The high breaking forces (1100–1327 N) of Grandio disc (GD) compared to the mean maximum chewing force in the molar region of 597 N in young healthy women and 847 N in men and the small difference compared to Lava Esthetic (LE) in relation to the flexural strength show that the material might be used for application in three-unit FDPs.

Author Contributions

Conceptualization, A.K. and S.H.; methodology, A.K. and F.F.; software, H.-M.D. and F.F.; validation, F.H., A.K., S.H.; formal analysis, F.F.; investigation, F.H., M.R. and A.K.; resources, S.H.; data curation, A.K.; writing—original draft preparation, F.H., A.K., S.H.; writing—review and editing, F.H., A.K., S.H.; visualization, F.H., A.K. and F.F.; supervision, A.K. and S.H.; project administration, A.K. and S.H.; funding acquisition, S.H. All authors have read and agreed to the published version of the manuscript.


This research was funded by VOCO GmbH, grant number BGAAF-1683.

Institutional Review Board Statement

Not applicable.

Informed Consent Statement

Not applicable.

Data Availability Statement

Data is contained within the article.


The authors would like to thank Wolfgang Bidmon and Dipl.-Ing. Nils Pederzani, who supported the authors in the fabrication of the FDPs, and Leonie Schmohl who supported the authors with the single thermal analysis of VITA CAD Temp.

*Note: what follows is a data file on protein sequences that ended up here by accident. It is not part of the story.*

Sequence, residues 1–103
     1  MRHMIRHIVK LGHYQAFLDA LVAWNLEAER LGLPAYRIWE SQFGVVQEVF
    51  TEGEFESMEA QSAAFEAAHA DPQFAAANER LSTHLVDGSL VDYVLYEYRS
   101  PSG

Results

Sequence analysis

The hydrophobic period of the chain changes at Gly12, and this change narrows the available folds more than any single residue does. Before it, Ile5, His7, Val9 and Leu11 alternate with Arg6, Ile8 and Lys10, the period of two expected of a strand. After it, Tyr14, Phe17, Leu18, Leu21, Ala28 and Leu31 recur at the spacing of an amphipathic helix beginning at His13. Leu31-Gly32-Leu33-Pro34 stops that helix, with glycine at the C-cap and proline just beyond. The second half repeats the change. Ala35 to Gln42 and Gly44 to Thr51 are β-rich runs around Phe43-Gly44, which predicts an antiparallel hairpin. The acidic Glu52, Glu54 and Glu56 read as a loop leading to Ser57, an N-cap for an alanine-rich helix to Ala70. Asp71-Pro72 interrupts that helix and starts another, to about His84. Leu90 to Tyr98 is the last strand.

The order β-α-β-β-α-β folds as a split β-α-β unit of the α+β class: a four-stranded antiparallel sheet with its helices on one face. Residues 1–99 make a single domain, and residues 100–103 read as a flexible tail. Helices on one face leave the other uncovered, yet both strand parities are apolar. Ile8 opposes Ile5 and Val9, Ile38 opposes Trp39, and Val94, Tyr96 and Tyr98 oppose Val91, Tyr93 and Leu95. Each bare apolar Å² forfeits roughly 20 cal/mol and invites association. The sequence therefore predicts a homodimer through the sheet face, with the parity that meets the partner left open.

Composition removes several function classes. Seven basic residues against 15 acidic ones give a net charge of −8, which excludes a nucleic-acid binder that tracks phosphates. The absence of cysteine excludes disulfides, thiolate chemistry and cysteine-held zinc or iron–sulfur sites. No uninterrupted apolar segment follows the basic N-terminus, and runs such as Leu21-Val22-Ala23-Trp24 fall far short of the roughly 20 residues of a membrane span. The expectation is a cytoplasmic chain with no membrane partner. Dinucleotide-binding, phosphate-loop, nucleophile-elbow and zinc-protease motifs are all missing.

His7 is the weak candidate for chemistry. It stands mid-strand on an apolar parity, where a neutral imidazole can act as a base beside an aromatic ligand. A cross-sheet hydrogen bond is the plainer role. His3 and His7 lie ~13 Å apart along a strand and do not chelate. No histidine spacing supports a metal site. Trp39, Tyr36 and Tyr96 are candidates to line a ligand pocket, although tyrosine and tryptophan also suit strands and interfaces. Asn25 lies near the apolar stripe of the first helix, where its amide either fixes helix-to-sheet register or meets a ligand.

Conflicts of Interest

The funders had no role in the design of the study; in the collection, analyses, or interpretation of data; in the writing of the manuscript, or in the decision to publish the results.


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Figure 1. Flowchart of the test program with imaging techniques [micro X-ray computer tomograph (µXCT), confocal laser scanning microscope (CLSM, 2D), 3D scanner (3D-LS, 3D)] and universal testing machine.
Figure 1. Flowchart of the test program with imaging techniques [micro X-ray computer tomograph (µXCT), confocal laser scanning microscope (CLSM, 2D), 3D scanner (3D-LS, 3D)] and universal testing machine.
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Figure 2. Failure loads without (10 samples per material) and after simultaneous chewing simulation and thermocycling (CS + TC) (8 samples per material; exception: S3; only four FDPs were forwarded to fracture analysis due to a 50% failure rate in chewing simulation).
Figure 2. Failure loads without (10 samples per material) and after simultaneous chewing simulation and thermocycling (CS + TC) (8 samples per material; exception: S3; only four FDPs were forwarded to fracture analysis due to a 50% failure rate in chewing simulation).
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Figure 3. Example of a surface match analysis with GOM Inspect software, v. 2020 (GOM GmbH, Braunschweig, Germany).